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Lyrid meteor shower 2017 April 17, 2017

Posted by aquillam in Astronomy, MichiganAstro.
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The first potentially big warm weather meteor shower is coming this weekend. Predictions of the peak’s timing all place the peak during daylight in the Midwest on the 22, but this shower usually has an extended peak. In fact, you may see as many meteors on the 21 or 23.

The radiant lies in Lyra, near Hercules. It’s not really high enough to observe until 2 AM, it transits the meridian around 5:30, and it starts getting light out at about 6 AM, so the best time to observe is about 4 – 6 AM local time. Here’s a map for 5 AM with the stars of the summer triangle marked:

22Apr0500S.png

The Lyrids are an irregular shower, usually producing a mere 10 – 20 meteors per hour, but occasionally reaching rates of around 100 meteors per hour.   This year is expected to be a pretty average year, which means waiting several minutes between meteors. If you don’t have dark skies, it may mean 10 – 15 minutes between bright meteors.

 

Additional resources:

American Meteor Society guide to the Lyrids

EarthSky All you need to know: Lyrid meteors

 

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Summer 2016 meteors July 26, 2016

Posted by aquillam in Astronomy, MichiganAstro.
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It’s meteor shower season, and The summer meteor showers are ramping up!

The Delta Aquariids are in progress now. Although the peak is expected to fall on July 28, this is a long, slow shower, worth watching for at least a week after the peak. Don’t expect to see a lot of meteors though. Even at its peak there are only 10 – 20 meteors per hour (or about 5 minutes between meteors.) The radiant is highest at around 3 AM this time of year, so that would be the best time to observe if it weren’t for the waning Moon in the last week of July. Going out around 1:30 – 2:30 on the 28th gives a good combination of reasonably high radiant and a low Moon.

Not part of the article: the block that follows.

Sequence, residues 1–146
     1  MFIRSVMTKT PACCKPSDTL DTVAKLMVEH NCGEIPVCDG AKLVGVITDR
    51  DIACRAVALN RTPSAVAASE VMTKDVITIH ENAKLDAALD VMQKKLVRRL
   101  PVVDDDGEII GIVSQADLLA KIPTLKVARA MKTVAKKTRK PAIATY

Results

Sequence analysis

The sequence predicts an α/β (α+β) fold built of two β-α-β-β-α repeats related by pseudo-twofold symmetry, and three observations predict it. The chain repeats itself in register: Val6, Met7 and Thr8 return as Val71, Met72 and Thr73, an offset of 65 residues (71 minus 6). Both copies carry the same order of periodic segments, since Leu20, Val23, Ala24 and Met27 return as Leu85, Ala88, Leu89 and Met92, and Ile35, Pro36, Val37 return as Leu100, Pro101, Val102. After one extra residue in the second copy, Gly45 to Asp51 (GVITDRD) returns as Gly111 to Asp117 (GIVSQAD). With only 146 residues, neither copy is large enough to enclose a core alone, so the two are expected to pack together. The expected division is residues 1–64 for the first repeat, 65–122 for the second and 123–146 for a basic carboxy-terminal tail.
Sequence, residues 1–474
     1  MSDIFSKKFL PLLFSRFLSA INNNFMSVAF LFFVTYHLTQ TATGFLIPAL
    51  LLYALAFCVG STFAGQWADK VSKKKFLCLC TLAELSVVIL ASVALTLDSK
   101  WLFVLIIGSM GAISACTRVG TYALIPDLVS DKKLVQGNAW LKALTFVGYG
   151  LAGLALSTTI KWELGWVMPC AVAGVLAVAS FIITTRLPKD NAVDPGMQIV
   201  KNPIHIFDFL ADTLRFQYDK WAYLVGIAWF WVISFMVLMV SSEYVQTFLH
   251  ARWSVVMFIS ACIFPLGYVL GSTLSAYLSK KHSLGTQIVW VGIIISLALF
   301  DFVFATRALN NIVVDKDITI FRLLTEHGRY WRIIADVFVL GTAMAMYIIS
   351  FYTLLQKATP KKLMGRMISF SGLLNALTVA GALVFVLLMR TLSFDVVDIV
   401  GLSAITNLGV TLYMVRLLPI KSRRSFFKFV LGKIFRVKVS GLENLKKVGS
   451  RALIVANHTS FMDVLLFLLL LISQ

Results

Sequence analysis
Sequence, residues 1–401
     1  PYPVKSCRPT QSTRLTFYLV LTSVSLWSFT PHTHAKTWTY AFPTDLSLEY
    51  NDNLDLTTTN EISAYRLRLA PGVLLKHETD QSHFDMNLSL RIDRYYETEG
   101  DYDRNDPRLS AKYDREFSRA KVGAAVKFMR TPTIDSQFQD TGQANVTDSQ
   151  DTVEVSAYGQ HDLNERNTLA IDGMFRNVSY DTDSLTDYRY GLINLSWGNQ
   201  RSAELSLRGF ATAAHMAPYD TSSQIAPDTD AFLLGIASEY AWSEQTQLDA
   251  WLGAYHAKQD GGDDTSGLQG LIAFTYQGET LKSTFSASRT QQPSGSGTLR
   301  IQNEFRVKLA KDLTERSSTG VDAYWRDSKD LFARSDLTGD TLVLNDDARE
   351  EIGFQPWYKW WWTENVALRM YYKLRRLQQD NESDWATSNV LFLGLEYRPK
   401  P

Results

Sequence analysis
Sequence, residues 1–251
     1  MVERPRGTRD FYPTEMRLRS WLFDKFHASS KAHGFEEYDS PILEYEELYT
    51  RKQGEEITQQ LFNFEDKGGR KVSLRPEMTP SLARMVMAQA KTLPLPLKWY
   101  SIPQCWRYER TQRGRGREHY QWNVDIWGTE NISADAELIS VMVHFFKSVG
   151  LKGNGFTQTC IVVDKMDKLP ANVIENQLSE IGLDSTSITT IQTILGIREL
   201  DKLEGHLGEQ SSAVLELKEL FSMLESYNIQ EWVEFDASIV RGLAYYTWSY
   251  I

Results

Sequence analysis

While you’re out looking for delta Aquarius, watch for Perseids too. Luckily, Perseus isn’t far from Aquarius. Check out this story from EarthSky on how to tell them apart.

While the Perseids don’t peak until August 11 or 12, you should already be able to spot a few. The real show should be the early morning of August 12, and continue through the morning of the 13th and maybe the morning of the 14th. Some experts think this could be a spectacular year, with rates of 200 per hour at the peak (that’s about 3 meteors per minute!) Better still, a waxing moon means dark skies most of the early morning hours. The best time to view will be around 3 – 5AM, when the Moon has set, Perseus is high, and twilight hasn’t really started yet. Here is a map for 4:30 AM on August 11 with both radiants marked.

11Aug0430_SE_meteors.png

Meteor Shower January 4, 2016

Posted by aquillam in Astronomy, MichiganAstro, Urban Observing.
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I’ve come to the conclusion that I will not be able to get the January Urban Observing post written. So instead, here are some hopefully timely and very short posts.

Did Saturday feel warmer to you? That was the day the Earth was closest to the Sun. Of course the seasons are caused by the tilt of Earth’s axis, not its distance from the sun. The distance from the sun affects how fast the Earth moves and therefore how many days each season has. The closer to the sun, the faster the planet moves, so in the Northern Hemisphere, we have fewer days of winter than summer.

The Quadrantids peaked this morning (sorry…). However, it’s active until January 10, with rates of about 25 per hour, so it’s still worth looking if it’s clear tomorrow morning. And the planet line up with a comet continues.

Speaking of the comet, you’ll need binoculars or a camera for comet Catalina, but it is between Arcturus and the Big Dipper, so it should be easy to find if it’s bright enough for you skies. Here’s a map for 3 AM on January 6, 2016. 06Jan0300.png

Orionid Meteor Shower October 21, 2015

Posted by aquillam in Astronomy, MichiganAstro.
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If it’s clear where you are, you might want to get up an hour or two early for the Orionid meteor shower. The peak is today / tomorrow (sorry I’m a little late for today), but it should be worth watching for a couple more days. Especially with the morning planets! Clear, dark skies are important for meteor watching, so you’ll need to get away from city lights.

Here in SE Michigan, the weather predictions make Friday morning look good. The Moon sets at about 3 AM, by which time Orion will be well up. However, if you wait until 5AM, you’ll get your chance to see Venus, Jupiter, and Mars. Mercury rises around 7AM, but by then twilight will have begun, which means it’s not as good for watching for meteors. The best hour is probably 5:30 to 6:30 AM.

For more information, (especially if you’re not in southeast Michigan) check out the story from Earth-Sky.